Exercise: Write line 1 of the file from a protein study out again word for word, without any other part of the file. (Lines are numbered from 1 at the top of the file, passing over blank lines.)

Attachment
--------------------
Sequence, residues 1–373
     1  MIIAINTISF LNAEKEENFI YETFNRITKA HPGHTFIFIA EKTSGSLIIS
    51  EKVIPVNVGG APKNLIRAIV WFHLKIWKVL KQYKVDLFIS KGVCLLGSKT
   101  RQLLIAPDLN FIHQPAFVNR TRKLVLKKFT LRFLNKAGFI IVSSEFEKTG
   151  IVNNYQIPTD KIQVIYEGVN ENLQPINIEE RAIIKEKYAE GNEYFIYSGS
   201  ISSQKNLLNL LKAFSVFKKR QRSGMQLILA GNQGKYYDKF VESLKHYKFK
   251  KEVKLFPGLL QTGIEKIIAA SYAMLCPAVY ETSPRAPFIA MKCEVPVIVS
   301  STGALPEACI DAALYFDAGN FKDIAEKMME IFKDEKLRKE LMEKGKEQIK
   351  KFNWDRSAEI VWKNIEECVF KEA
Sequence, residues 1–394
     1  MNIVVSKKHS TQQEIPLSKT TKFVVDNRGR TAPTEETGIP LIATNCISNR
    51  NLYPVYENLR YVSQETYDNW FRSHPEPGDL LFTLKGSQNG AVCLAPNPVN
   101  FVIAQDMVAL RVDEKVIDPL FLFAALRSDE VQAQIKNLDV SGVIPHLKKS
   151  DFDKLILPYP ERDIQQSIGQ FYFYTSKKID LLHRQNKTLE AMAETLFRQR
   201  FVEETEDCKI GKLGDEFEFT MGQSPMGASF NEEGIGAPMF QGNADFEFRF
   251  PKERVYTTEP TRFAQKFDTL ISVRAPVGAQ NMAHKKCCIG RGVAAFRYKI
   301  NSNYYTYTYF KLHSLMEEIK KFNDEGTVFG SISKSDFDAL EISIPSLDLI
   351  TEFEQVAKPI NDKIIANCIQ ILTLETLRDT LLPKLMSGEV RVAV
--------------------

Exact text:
Sequence, residues 1–373